When Tim Wuth heard the song ‘Better When I’m Dancing’ he knew he had to use it in his next school musical. It’s about confidence and releasing your insecurities on the dance floor.
“I seem to always have ideas bouncing around in my head for another musical but they don’t always work out. This was supposed to be the musical for last year but because of Covid-19 we couldn’t do one so we are doing it this year,” he said. The directors and actors have been working on the project for the past nine weeks.
At last Friday’s dress rehearsal Wuth photographed each member of the cast of almost 30 Lovelock Elementary School students. They wore full costumes, including bushy mustaches, bow ties, suspenders, canes and shawls. In less than a week they’d perform for a full house in the high school auditorium.
Sandy Condie, Jennifer Fecht, Amanda Gonzalez and Whitney Phillips reminded ‘Grandpa Jethro’ to look grumpy. Emilee Houston sprayed the cast’s hair with a silvery mist.
Fecht slipped away for a moment to check on the baseball tournament. She reappeared with signs reminding the actors to ‘slow down,’ ‘smile,’ or get ‘louder,’ flashing them as needed throughout the rehearsal.
The evening’s program explains the plot. “It’s grandkids day at the senior center...and we’re making some rocking chairs rock. So sit back and enjoy some old time rock and roll.” Half of the cast plays the seniors. Most of the others are their grandchildren. There’s also an activities director (Charlee Sestanavich) and a cook (Lily Reynolds).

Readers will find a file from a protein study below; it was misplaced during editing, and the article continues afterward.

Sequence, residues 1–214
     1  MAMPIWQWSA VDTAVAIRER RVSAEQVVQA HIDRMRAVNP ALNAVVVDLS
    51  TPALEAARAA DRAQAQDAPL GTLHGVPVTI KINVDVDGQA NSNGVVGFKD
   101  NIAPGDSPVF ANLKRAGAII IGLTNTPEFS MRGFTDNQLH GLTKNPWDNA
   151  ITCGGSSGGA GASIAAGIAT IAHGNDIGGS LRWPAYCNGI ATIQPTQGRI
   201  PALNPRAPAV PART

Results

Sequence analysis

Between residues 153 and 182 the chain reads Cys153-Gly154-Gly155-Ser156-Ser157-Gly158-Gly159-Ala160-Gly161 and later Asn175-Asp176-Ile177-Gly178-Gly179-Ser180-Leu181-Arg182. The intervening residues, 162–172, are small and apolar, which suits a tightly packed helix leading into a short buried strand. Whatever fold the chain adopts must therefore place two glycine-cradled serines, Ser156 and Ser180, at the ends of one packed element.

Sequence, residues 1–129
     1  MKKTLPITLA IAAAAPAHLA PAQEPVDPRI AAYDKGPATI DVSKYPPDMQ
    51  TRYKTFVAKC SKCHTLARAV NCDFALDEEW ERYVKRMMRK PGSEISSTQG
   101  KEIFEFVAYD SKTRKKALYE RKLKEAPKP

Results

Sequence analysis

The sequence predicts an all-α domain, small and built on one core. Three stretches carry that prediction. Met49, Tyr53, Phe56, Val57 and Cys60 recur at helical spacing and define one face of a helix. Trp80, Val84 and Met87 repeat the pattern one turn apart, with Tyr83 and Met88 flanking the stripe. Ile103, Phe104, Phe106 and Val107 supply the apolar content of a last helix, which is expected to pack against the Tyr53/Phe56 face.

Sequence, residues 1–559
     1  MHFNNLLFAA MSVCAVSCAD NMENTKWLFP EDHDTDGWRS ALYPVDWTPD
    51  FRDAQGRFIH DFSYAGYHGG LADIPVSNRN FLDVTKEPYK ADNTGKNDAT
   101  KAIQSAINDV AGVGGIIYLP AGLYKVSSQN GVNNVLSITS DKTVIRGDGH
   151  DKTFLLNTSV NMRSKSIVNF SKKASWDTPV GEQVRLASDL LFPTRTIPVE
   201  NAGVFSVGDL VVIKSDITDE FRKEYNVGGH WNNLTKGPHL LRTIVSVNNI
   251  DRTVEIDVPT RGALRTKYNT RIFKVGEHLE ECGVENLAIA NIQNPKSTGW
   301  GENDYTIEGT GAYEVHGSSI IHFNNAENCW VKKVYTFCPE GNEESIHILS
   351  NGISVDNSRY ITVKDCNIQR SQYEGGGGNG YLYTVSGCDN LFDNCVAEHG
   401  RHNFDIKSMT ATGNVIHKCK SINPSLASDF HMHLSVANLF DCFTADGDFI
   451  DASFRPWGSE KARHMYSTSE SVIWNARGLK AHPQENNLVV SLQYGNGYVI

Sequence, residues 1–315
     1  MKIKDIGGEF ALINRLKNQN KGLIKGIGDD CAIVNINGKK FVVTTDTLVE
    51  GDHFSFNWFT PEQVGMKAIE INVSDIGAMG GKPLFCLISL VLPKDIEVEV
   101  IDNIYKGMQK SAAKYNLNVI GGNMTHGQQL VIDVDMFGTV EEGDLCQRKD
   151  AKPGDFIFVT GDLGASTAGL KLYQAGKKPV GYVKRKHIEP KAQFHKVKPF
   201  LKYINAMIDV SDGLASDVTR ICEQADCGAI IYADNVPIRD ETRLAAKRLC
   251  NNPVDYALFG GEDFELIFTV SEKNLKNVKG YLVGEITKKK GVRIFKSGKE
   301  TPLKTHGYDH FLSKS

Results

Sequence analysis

Condie, Fecht, Gonzalez, Philips and PCHS student Hannah Gonzalez choreographed 11 song and dance routines that dovetail with the story like a sock fits a hop.
Wuth began directing the school musicals 13 years ago. ‘Rocking Chair Rock’ is his twelfth because the pandemic scrapped last year’s show. Besides ‘Rocking Chair Rock,’ Wuth wrote City Park (2016) and Haunted Schoolhouse (2020).
A few years ago Wuth’s brother, David, approached him with the idea for a musical based on the Orphan Train movement of the 1800s and early 1900s. He had the basic outline with about half the songs. The brothers teamed up to brainstorm the rest.
Fallon friend Noreen Swanson wrote the script, blending the music with true stories of children who rode the orphan train. It all came together for the 2019 LES musical.
“If I had to choose just one of the 12 musicals to do again, I would choose Orphan Train the Musical,” said Wuth.“It made people aware of a part of our country’s history that many people don’t even know happened. It was an emotional musical, bringing the audience to tears every performance.”
There won’t be any tears this Thursday or Friday night unless they’re tears of joy. ‘Rocking Chair Rock’ is energetic and funny. From the moment Grandma Gertrude whacks Wuth with her purse the comedy begins. Even Grandpa Jethro eventually overcomes his grumpiness and hits the dance floor with his sweetheart.
‘Rocking Chair Rock’ will be Wuth’s last LES play. He retires at the end of this school year after 27 years of service.
“As for future musicals that will be up to the other directors. I might be persuaded to help some but that will depend on which direction my retirement takes,” he said.
Here’s hoping it’s a long and happy one. Thanks for all the school plays.